Six Jewish facts about actress Natasha Lyonne

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Natasha Lyonne by Peabody Awards is licensed under CC BY 2.0 (https://creativecommons.org/licenses/by/2.0)
Natasha Lyonne by Peabody Awards is licensed under CC BY 2.0 (https://creativecommons.org/licenses/by/2.0)

Natasha Bianca Lyonne Braunstein is a wildly likeable actress best known for her character in “Orange is the New Black.” She’s also starred in “But I’m a Cheerleader,” “Russian Doll” and “Ad Astra.” Born in 1979, the unabashedly genuine star has been open about her struggles with a heroin addiction and complicated family relations. But the troubled child star has grown into an independent director, writer and producer who deserves more attention. In celebration of Netflix’s renewal of “Russian Doll” and to get us hyped for its return early 2021, here’s some fun Jewish factoids about Lyonne.

1. Her childhood: Lyonne was raised in an Orthodox family who lived in Great Neck, Long Island, the Upper East Side and Israel. When her family moved to Israel, she told NPR, she started to dream of becoming Golda Meir. “She was my big childhood icon,” Lyonne said.


When she moved back to the U.S. after her parent’s divorce, Lyonne attended Ramaz School. It was also known as The Rabbi Joseph H. Lookstein Upper School of Ramaz, a Jewish school, where Lyonne said she was a scholarship kid who took honors Talmud classes and read Aramaic.

2. Her lineage: Her mother was the daughter of Holocaust survivors. Her grandmother, Ella, came from a large family, but only she and her two sisters and two brothers survived, which Lyonne credits to their blonde hair and blue eyes. Lyonne’s grandfather, Morris Buchinger, operated a watch company in Los Angeles. During the war, he hid in Budapest as a non-Jew working in a leather factory.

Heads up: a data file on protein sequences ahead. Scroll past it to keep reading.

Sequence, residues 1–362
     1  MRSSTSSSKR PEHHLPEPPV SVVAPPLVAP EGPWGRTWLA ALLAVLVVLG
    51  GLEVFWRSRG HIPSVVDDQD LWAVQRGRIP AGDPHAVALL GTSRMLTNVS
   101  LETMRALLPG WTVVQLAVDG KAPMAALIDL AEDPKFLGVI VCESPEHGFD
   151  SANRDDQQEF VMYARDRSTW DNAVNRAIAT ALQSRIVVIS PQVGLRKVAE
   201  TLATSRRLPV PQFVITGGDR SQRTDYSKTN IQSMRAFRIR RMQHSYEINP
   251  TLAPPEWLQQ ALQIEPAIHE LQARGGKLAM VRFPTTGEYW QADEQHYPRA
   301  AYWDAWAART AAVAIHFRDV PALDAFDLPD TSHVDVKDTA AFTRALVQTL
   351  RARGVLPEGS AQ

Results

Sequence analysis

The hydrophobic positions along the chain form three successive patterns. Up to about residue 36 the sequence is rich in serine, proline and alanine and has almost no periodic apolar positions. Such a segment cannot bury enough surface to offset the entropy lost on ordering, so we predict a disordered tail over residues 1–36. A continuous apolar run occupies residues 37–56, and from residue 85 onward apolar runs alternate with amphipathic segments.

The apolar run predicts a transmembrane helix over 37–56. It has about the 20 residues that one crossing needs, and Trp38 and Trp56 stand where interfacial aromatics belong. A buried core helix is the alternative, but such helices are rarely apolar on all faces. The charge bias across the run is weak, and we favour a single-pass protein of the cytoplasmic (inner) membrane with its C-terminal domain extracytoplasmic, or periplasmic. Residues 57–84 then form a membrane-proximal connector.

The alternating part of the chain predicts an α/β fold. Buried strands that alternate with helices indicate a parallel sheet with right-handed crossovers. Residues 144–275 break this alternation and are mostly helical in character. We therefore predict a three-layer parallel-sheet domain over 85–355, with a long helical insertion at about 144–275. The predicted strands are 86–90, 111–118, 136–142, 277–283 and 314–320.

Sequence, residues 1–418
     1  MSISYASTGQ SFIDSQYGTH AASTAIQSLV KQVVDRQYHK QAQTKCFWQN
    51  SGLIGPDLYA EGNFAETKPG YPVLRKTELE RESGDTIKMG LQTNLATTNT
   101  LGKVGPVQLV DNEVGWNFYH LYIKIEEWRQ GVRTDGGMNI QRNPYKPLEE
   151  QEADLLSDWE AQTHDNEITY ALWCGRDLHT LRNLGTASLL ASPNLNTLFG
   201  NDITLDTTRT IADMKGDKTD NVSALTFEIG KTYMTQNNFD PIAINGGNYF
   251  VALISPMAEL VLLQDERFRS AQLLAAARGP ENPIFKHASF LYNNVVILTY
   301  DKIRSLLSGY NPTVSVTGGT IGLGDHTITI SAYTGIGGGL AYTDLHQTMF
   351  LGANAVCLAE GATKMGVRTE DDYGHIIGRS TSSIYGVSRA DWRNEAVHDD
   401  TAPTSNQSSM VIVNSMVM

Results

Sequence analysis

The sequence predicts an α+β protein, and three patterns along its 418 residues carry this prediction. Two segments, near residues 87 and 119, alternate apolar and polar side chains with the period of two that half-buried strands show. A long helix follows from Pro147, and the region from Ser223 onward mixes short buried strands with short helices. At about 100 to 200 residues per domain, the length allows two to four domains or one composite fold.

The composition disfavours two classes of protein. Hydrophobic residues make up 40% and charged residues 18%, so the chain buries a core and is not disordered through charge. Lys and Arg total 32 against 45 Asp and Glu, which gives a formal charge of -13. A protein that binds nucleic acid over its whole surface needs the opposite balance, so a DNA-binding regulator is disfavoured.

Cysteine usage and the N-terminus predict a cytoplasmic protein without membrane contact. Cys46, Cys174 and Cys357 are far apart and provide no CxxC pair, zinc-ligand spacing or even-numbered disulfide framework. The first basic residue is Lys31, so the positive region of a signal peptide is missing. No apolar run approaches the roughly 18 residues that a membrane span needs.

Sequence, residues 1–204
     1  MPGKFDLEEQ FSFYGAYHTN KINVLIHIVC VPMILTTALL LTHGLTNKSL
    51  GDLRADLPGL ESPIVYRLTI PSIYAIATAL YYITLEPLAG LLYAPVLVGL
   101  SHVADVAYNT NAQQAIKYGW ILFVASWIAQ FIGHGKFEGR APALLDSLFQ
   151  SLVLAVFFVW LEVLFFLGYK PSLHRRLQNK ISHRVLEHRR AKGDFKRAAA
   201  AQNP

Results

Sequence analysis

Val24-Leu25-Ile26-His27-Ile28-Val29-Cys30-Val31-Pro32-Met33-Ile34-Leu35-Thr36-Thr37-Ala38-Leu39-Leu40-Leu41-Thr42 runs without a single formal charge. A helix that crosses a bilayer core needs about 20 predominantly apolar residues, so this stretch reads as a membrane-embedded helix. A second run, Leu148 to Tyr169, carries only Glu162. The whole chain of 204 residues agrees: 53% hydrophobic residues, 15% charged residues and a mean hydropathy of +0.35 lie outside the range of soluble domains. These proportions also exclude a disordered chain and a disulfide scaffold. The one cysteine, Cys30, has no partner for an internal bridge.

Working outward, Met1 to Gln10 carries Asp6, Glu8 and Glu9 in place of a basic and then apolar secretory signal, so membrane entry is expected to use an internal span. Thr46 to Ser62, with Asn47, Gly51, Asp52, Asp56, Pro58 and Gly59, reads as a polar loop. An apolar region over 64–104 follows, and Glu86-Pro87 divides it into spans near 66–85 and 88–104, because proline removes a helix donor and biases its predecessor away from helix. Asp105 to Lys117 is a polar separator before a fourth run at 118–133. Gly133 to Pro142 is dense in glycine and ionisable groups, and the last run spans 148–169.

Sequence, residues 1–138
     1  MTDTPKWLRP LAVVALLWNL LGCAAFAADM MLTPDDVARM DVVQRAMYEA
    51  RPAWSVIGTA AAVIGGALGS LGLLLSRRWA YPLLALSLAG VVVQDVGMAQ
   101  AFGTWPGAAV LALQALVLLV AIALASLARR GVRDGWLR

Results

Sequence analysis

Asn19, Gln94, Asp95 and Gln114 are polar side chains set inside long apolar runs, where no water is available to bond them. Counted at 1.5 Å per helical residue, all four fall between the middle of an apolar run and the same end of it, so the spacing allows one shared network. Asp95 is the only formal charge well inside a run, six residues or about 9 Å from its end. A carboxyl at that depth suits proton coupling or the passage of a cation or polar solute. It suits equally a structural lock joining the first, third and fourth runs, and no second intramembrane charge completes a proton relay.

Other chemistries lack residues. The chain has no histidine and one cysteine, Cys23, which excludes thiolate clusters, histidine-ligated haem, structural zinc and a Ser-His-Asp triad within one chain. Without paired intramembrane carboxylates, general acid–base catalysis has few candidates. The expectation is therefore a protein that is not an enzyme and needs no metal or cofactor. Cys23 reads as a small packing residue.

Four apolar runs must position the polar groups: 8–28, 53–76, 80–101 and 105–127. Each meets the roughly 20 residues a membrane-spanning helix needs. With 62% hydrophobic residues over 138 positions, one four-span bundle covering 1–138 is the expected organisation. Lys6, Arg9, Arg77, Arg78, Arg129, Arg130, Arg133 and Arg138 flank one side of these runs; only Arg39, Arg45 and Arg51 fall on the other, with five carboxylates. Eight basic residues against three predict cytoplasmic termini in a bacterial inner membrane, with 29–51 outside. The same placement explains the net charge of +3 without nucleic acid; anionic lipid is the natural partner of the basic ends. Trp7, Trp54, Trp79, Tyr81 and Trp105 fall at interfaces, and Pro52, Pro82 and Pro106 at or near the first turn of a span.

Lyonne told NPR that this upbringing affected her personality. “I think I’m sort of, you know — my lineage is dark survivors. I mean, I come from real Auschwitz stock. So, you know, Hitler was a big player in my childhood, and it was this kind of mentality of surviving. And that, you know, no matter what sort of horrors life throws your way, that was something that had been endured by my grandmother and my grandfather. And, you know, therefore it was kind of the litmus test of a human experience.”

3. Her artistic expression: When she graced the cover of Tablet, she chose to cosplay as Yentl. She told Tablet, “I am in conflict with my heritage and there is an element of integrity to my own, conflicted views. Posing as Yentl seemed like the perfect way to reconcile my complicated feelings about Judaism. But I also feel very connected to it — Bugsy Siegel, Lenny Bruce, Larry David. Those are Jews I can get behind.”

4. Her role in “Russian Doll”: This brilliant role features many nods to her culture. From wishing someone Chag Sameach, to the Israeli drug plot line, to the fact that she keeps repeating her 36th birthday — a significant number in Judaism. Chai, the Hebrew word for life, is 18. Two lives, or 18 x 2, is 36: the show is about getting a second chance at life.

There’s also the yeshiva. Lyonne’s character keeps resurrecting in a building that used to be a yeshiva. This leads her to investigate the original synagogue, where she ends up praying for her life in Hebrew with the rabbi’s assistant.

Finally, remember her necklace? Lyonne’s character wears a South African gold bullion. Why does she have this? Her character explains that her Holocaust survivor grandparents acquired gold bullion because they were paranoid about putting their money in banks.

5. Her role in “Orange Is The New Black”: Her character in this popular show was born into a Jewish family in New York City. At her bat mitzvah, her character expresses frustrations with her parents’ lack of love in front of the entire congregation.

6. Her role in “Everyone Says I Love You”: Or rather, the story of her casting for the Woody Allen musical. She’d just been expelled from her Jewish school when she showed up for the audition dressed in her school-mandated long skirt, according to JTA. “He asked how I was, and instead of just saying ‘fine,’ I launched into it,” Lyonne told JTA. She went into a shpiel of not having time for her Talmud homework and how everyone at school was mean to her. She was cast as his daughter.

6. That iconic curly hair: Come on, you thought we could make this list without appreciating her Jewish beauty? Please.

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